Tinkering with R and Social Network Analysis

My interest in Social Network Analysis (SNA) began when I was studying the Data, Analytics, and Learning MOOC (DALMOOC) through edX a couple of years ago (see my posts from during the course here). During the course it was mentioned that Twitter lends itself to SNA, so I did some fiddling around with analysing the Twitter streams of various library conferences. I used some of the tools that I was introduced to during the DALMOOC, such as Gephi and NodeXL, and managed to produce some graphs. However I put this on the backburner while I focussed on preparing my poster for the EBLIP8 Conference.

Earlier this year, though, I got the urge to start learning more about the R programming language. Although I have absolutely no background in coding or programming (unless you count copying BASIC programs out of a book for my Commodore 128 when I was a kid), I’d heard about the R programming language, and wanted to find out a bit more about it. I came across the free Datacamp course on R and did the first few lessons, but haven’t worked on it for a while now. I started looking around to see if there were any R packages that could do SNA on Twitter data, and I found that there were a few that I could use. There were websites which had some example code which I was able to copy and do some tweaking on (such as this one and this one), and before long I was collecting and analysing my own data.

I still wouldn’t call myself a coder or programmer, but I’m starting to get the hang of using R. It’s pretty easy to use, especially when you’re using code that is freely available and not having to develop your own. In my next post I’ll show some examples of SNA that I prepared based on the tweets sent at the 2016 Medical Library Association conference.

Finally at 400!

Today was the day that we (the geocachers known as Sensible Shoes) finally reached 400 finds. It’s taken us 8 1/2 years to get there, but get there we did. We’ve been saying for the last couple of years that “this is the year we get to 400”, but it hasn’t happened until today.

We were at 395 this morning, and found three more before lunch to get us to 398. All the caches we found were either in or very close to playgrounds, so the boys had a good time too, riding their scooters and playing on the play equipment. We even got to climb “Bluluru”!

Seeing that today was my last day of holidays before returning to work, I thought it would be nice to reach our 400 milestone today. So after lunch we headed out and got the remaining two to get us to 400. The 400th find was near a park that the boys love going to, but unfortunately their favourite piece of play equipment has been fenced off (presumably for repairs), so we had to make do with the flying fox. After a couple of turns each we headed off to celebrate our achievements, and as we were walking to the car the rain began and only got heavier once we were in the car. Perfect timing!

Now that we’ve finally made it to 400, our next goal is to reach 450 by our nine-year cacheversary in May.

So what do the numbers say?

As usual, my final post for #blogjune is going to look at my blog stats for the past month to see if anyone’s actually read any of my posts. The data will come from a couple of sources – the stats plugin on the blog, my web host, and Google Analytics. Hopefully they’ll be pretty similar.

Firstly, the most-viewed post was So what does a health librarian need to know, followed by So what’s changed since #blogjune last year. These were posts from earlier in the month, so I guess it’s not surprising that they’re at the top. It seems that either Wednesday or Thursday was the most popular day for people to visit the blog (depending on which source you use). The various sources also differed on where these visitors were from – one had the top three countries for visitors being Australia, the US and New Zealand, while another listed them as the US, Australia and France, while the final one had Australia, Bangladesh and Germany as the top three.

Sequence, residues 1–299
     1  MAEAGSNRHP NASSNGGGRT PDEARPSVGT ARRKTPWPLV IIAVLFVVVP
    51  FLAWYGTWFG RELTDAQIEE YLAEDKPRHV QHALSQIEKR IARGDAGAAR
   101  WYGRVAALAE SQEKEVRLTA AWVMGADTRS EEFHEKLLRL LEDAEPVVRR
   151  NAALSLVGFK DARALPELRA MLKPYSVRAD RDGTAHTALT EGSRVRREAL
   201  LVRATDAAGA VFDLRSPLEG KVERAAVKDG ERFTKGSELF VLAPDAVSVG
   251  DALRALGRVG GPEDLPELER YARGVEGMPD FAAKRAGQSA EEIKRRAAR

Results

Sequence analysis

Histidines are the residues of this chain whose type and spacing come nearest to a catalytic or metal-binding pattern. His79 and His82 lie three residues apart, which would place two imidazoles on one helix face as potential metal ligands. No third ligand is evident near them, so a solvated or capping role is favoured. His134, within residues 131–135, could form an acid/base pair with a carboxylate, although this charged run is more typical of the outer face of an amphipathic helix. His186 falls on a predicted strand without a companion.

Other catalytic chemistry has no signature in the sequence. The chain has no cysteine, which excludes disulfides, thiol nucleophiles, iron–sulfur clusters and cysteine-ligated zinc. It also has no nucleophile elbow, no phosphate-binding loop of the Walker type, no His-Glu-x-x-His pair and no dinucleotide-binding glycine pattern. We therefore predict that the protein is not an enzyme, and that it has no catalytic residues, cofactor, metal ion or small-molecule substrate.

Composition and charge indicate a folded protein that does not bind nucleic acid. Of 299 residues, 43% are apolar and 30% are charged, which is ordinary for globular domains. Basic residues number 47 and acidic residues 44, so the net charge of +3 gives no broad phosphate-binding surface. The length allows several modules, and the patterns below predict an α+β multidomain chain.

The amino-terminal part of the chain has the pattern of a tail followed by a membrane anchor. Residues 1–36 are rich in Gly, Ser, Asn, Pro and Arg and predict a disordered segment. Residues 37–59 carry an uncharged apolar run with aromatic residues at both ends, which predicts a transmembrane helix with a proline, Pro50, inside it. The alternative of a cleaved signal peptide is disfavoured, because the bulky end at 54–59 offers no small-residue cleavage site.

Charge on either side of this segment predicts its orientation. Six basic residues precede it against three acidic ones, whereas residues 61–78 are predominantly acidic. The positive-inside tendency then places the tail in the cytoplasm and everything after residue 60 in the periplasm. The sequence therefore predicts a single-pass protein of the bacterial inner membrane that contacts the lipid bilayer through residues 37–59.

Continuing the trend from the last couple of years, Firefox was the most popular browser, followed by Chrome, then Internet Explorer. The mobile browser (Android and iOS) percentage has continued to increase – about 6% this year compared to about 4% last year. Also following the trend from last year is a drop in the total number of views for the month compared to June last year.

So that’s it for another year of #blogjune. I’ll probably be back next year, hopefully with a bit more of a plan and focus for what I’m going to write about.

What I got out of #blogjune this year

For me the main theme that came out of this year’s #blogjune was the future of the Australian biblioblogosphere. There were some posts looking back to try and discover the “golden age” of library blogging (Hugh, Kate), and then others trying to figure out what the future may hold for library blogging in Australia (Kate, Stephanie). I don’t really have much to add to these; I agree that there did seem to be period where blogging was more prevalent than it is now, and I think that there is still a place for blogging in the professional discourse of the Australian LIS industry. It looks like the League of Librarians (or some sort of collaborative blogging venture) is ready to go!

Some of the discussion early this month regarding impostor syndrome also hit home for me. I think I was (perhaps still am?) guilty of thinking that because I have a blog I need to be posting about the “big issues” in the profession. I related to Sally’s post where she says:

Maybe I’m just not cut out to write certain types of posts. It’s mostly the strong opinion, kind-of-ranty posts that I struggle with. I don’t really understand why I feel driven to publish them at all, when I find them so difficult. Do I feel like it’s expected, in order to be taken seriously?

Sometimes I do try and tackle the big issues, but never usually in great depth or as a way of starting a conversation – I’m usually responding to someone else’s brilliantly written post on the subject. I toyed briefly with the idea of setting up a separate blog which I would use for “professional” content and leave this one for the personal stuff. But then I thought of a different approach, and it’s one that I’m going to try to stick to from now on. I’m going to try to comment on blogs more often, instead of writing a short post on the topic. Every now and then I might need to write a post if I have a lot to say, but mostly I’ll be keeping the discussion on the original post.